Looking back, I realized that up to this point of the race, I had maybe taken in 300-400 calories total.  To anyone on the outside looking in, it would have been obvious what was about to happen.  To me, I was completely oblivious.  I started getting a little sluggish, moving a little slower, but figured (at the time) it was probably just the climbing catching up with me.  I ran this 4 miles in 44 minutes, and considering it's very runnable, and I had run it faster in training, that was slow.  When I pulled into Todd's Cabin aid station, orange slices and ginger ale where all I could take in.  I rolled out of the aid station, which is a short climb back up to the race course, and that's when it happened.  

Section 4 – Todd’s Cabin to Penny Pines (5.2 miles, ½ rolling, big descent, big climb)

Everything went to shit.  Looking back at my training paces through here, this section was on average 1:30-2:00/mile faster in training than what I was running now.  The wheels came off in this section, both mentally and physically.  Obviously nutrition led to a total bonk, add that into the fact that we were now running into 40-50 mph wind gusts, and I was just in a bad mental place.   This whole section, I was mentally coming up with excuses to tell my wife (whom I would see at the Penny Pines aid station), so I could justify to her (and myself) a drop.  I've never had a mental low like I experienced there.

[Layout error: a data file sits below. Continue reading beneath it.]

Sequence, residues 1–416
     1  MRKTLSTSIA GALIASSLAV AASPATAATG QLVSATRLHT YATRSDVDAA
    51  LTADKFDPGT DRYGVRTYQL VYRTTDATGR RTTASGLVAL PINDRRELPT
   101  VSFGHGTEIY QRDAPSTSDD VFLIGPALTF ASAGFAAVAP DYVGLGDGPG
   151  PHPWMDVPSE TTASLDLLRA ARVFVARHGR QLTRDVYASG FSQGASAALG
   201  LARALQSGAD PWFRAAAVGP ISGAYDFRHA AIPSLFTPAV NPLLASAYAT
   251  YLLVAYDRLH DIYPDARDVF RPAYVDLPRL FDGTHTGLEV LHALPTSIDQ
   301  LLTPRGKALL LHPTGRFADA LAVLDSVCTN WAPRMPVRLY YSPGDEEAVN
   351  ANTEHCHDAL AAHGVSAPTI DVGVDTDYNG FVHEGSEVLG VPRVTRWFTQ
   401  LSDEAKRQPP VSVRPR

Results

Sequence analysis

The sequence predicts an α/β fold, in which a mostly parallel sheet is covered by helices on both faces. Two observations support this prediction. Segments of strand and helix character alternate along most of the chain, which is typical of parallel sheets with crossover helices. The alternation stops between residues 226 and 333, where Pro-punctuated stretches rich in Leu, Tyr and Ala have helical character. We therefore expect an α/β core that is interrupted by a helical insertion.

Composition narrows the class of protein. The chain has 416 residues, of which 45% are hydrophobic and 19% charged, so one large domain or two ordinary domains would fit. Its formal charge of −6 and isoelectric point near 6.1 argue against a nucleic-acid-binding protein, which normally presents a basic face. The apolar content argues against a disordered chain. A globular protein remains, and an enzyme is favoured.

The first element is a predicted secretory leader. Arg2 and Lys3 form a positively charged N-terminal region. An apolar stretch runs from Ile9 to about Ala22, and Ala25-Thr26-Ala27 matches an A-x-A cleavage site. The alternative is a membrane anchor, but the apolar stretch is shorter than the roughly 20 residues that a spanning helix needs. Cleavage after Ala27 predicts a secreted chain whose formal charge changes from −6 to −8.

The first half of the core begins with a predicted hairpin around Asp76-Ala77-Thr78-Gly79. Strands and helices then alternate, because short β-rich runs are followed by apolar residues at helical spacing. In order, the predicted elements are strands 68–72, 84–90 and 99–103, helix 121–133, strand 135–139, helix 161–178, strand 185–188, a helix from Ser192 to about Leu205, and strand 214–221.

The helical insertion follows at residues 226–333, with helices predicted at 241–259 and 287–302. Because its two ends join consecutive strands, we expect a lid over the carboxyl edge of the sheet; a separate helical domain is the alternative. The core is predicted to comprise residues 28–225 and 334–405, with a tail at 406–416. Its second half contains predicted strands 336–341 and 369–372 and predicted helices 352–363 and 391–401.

Clearly, this dark place was a result of an epic bonk.  However, at the time, I just couldn't put that together in my head.  I knew something else had to be wrong, it couldn't have been my VERY poor fueling.  I was coming up with phantom issues that would cause me to DNF.  The month before PCT I experienced some Achilles issues, and had convinced myself I had that pain again.  And then (since I was in a mood to sensationalize) I convinced myself that if I kept going that it would probably rupture and ruin my entire running season.  This had to be the problem!  It made sense!  Right?

I rolled into Penny Pines AS (around Mile 22) to see my wife; I was a mess, both mentally and physically.  I was nauseous, gassed, and defeated.  I had nothing left in my legs, and convinced myself that my tendon was going to explode.

Luckily, my wife wasn’t having it.  I tried to convince her it was my Achilles causing problems, because injury is an excuse I knew she would allow me to drop for.  Instead, she sat me down, force fed me anything I would take in.  I had two bottles of water, a gel, 2 cups of ginger ale, orange slices, and some crackers.  I changed into a different pair of shoes (for my first time ever in a race, but I was willing to try anything to turn it around), and she told me to do the next out and back section to the turn around, and if I still felt bad, we’d call it and go to the hotel.  

After 15 or 20 minutes sitting around feeling sorry for myself, I left the aid station, practically in a protest just to show my wife how bad off I was.  I'd show her!  This next 5 miles, then back to the same aid station, and she would KNOW how bad things were.

Section 5 - Penny Pines – 1/2way – Penny Pines (~4.5 mi rolling)

Maybe she was right after all.  After about a mile, I started feeling a little better, and started passing some people that went by me in the aid station.  I got to the turnaround, feeling decent, but still a little bonky.  I headed back to Penny Pines, this time in a totally different demeanor than when my wife saw me the first time.  I drank some more water, but didn't want anymore liquid nutrition, because I just wasn't processing it.  I ate some oranges and gummy bears, and drank some ginger ale.  I grabbed a handful of pretzels, and told my wife "I'll see you at the finish.  I've got some Mother F***ers I need to catch."  Off I went.